(CBSDFW.COM) — Few people would ignore an email from their boss. But consider this an excuse to put off a response.

“The scammers know very specific details about you, your company and an imminent business transaction,” said Phylissia Clark, a spokeswoman for the Better Business Bureau.

The BBB held a news conference Thursday about a phenomenon known as BEC or “business email compromise,” that targets businesses and individuals who handle money as part of their jobs.

Victims of BEC have reported losing $26 billion since 2016, according to the BBB. The study notes 80 percent of business received these phishing emails in 2018.

Oftentimes scammers will spoof emails that look like they’re from a C-suite executive at an employee’s company by simply gleaning information from LinkedIn or public company websites.

Then, the crooks ask for speedy payments, bank information or W-2 forms.

Other BEC scams include:

  • -Vendors requesting their payments be sent to another bank account
  • -Employees requesting their pay check be deposited into another bank account
  • -Boss or charity figure asking for gift cards on his/her behalf

Gracie Veronica fell victim to another kind of BEC scam. A person pretending to represent her title company diverted funds meant for her closing costs.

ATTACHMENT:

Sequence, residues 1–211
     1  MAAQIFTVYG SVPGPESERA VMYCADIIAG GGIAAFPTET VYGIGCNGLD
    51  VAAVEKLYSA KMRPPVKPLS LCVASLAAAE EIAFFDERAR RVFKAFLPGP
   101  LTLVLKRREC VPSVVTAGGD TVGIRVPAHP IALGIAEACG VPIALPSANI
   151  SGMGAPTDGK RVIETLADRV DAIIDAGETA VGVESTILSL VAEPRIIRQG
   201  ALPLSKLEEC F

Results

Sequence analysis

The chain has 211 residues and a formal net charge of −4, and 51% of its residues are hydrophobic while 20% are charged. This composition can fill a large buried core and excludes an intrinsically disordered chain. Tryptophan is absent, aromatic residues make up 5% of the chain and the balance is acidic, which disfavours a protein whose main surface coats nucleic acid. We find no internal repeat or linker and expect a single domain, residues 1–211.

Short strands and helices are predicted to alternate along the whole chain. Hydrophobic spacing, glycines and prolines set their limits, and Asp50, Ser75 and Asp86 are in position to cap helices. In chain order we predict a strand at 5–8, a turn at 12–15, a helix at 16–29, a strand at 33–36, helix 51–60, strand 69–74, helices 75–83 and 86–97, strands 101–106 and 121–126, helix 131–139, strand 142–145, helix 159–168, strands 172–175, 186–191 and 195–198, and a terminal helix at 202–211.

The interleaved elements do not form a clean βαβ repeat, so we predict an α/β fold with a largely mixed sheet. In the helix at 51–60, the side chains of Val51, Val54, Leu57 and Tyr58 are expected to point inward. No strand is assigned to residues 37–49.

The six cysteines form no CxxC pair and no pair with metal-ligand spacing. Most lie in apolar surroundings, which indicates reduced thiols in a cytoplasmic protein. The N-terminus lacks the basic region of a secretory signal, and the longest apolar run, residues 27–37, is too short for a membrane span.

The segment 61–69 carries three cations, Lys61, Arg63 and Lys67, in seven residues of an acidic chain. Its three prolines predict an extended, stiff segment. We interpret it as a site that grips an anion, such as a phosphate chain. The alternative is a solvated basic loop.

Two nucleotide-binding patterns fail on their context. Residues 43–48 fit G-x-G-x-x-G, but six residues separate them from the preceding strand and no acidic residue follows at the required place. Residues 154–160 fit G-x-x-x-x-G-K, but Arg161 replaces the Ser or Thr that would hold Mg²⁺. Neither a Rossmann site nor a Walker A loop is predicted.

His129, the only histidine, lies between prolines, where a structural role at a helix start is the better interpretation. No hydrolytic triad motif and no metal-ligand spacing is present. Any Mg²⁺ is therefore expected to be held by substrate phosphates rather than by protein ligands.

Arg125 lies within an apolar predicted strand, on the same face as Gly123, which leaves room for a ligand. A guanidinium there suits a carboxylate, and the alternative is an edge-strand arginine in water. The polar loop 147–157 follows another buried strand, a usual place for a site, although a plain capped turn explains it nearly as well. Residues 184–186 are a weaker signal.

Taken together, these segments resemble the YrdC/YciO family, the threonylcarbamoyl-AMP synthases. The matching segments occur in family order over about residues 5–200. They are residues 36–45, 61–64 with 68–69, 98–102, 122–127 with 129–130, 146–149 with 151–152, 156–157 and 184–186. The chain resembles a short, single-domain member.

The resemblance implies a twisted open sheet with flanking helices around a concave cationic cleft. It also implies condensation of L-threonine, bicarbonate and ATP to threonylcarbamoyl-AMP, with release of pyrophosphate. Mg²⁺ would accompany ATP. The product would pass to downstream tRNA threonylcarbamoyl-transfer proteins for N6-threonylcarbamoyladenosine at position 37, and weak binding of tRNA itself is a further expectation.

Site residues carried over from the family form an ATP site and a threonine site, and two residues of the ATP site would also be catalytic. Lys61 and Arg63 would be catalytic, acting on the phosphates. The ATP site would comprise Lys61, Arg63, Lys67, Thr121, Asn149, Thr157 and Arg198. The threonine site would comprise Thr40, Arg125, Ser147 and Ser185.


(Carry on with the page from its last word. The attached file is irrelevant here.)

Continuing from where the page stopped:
“It felt like a ton of bricks had hit me,” Veronica said.

The day before closing on her home, she wired $45,000 to someone she thought was her title officer.

“I probably won’t be able to keep this house,” Veronica said.

In 2018, the FBI identified more than 11,000 victims of internet real estate fraud.

Together, these individuals lost more than $149 million.

No party is safe from spoofing.

“It’s not just happening to buyers, it’s also happening to title companies where we are getting bogus wire instructions,” said Dawn Moore, the CEO of Allegiance Title Company.

The hallmark red flag of a fake email used to be improper grammar or spelling. But online programs now allow scammers to check their emails.

Susan Rowe, a fraud investigator with American National Bank, said recipients should be wary of any email that incorporates the word, “kindly” in a request for money or a signature.

“Verify, verify, verify,” Rowe said.